• Photograph of the Duchess of Albany with her son and daughter taken in 1887.(TNA: COPY 1/381 f308)
  • Photograph of a bootblack or shoe-polisher taken in 1877-8.(V&A: PH.351-1982)


  • Building design by Richard Norman Shaw for a detached house with basement in Bedford Park, London, 1877. This design was part of plans for a new garden suburb. (TNA: COPY 1/39 f348)
  • Painting, called Contrary Winds by Thomas Webster (1800-1886), of children playing in a cottage. Oil on panel. Great Britain, 1843 (V&A: 2006AM5336-01)
  • Extract from a letter complaining of an uncovered drain that has been causing illness. Transcript provided. (TNA: MH13/261)
  • Photograph showing a street scene in the small town of Prestonpans, Haddingstonshire, Scotland, 1898. (TNA: COPY 1/438 f271)
  • A photograph taken in 1898 called The Old Folks at Home showing an indoor cottage scene. (TNA: COPY 1/438 f173)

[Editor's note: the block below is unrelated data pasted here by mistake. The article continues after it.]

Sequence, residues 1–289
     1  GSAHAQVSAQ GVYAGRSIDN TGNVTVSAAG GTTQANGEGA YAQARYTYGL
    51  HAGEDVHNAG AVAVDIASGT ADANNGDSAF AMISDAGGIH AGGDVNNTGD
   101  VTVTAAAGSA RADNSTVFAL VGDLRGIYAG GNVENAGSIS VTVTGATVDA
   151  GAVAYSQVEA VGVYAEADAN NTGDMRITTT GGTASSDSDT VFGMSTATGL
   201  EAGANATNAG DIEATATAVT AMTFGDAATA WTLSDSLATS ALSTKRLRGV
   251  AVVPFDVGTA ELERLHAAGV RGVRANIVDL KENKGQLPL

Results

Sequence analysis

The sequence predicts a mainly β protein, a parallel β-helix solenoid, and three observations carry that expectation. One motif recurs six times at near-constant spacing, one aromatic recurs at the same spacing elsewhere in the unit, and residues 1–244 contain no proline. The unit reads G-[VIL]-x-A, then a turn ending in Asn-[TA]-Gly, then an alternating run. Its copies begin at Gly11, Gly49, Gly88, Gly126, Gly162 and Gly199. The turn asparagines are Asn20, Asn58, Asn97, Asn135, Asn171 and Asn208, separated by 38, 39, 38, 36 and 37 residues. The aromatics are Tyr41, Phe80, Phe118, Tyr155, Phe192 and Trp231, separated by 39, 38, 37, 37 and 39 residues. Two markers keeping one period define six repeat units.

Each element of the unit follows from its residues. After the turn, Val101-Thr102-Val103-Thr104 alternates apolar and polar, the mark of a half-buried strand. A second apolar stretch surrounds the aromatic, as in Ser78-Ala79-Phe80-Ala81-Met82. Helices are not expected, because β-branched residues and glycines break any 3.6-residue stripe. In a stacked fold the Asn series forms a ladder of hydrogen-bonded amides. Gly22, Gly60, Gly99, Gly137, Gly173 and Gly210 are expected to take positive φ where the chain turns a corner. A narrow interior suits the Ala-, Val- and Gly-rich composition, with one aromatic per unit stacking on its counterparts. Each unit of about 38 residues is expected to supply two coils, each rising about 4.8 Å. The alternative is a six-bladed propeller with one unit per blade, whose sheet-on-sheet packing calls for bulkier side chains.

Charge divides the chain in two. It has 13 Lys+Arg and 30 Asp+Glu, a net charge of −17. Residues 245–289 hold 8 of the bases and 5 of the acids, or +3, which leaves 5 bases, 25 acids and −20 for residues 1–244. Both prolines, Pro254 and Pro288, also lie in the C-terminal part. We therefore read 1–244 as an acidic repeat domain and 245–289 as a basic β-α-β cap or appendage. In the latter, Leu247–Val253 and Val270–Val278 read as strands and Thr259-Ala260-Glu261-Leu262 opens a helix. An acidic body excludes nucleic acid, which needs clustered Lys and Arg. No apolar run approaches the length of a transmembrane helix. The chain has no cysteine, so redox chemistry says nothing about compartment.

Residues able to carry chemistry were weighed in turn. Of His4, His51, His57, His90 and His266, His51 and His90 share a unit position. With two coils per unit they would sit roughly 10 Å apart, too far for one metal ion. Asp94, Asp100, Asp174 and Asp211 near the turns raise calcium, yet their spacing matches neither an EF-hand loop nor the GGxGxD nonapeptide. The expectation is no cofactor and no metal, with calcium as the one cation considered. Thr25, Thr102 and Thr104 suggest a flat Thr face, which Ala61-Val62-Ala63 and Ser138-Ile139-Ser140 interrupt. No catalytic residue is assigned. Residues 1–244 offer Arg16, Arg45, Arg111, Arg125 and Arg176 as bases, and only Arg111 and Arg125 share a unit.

• Illustrated London News drawing of Peabody buildings (Dwellings for the Poor) and descriptive article, 1869. Transcript provided. (TNA: ZPER 34/54)
  • Four pictures from a catalogue for furnishing a twelve roomed house for £500, 1898 (TNA: COPY: 1/155 f194; TNA: COPY 1/155 f198; TNA: COPY 1/155 f88; TNA: COPY 1/155 f90)
  • This house is a copy of a house that existed in Kilburn High Road, North London. It was made in 1900 for the owner Mr Samuel Loebl, as a present for his daughter. (V&A: MISC.5-1972)
  • Panelled room from the Grove, Harborne, Birmingham, designed in 1877–78 by John Henry Chamberlain. It is richly decorated with inlaid, painted and gilded wood. This room was used to display the owner’s collection of blue and white ceramics. (V&A: W.4:1 to 39-1964)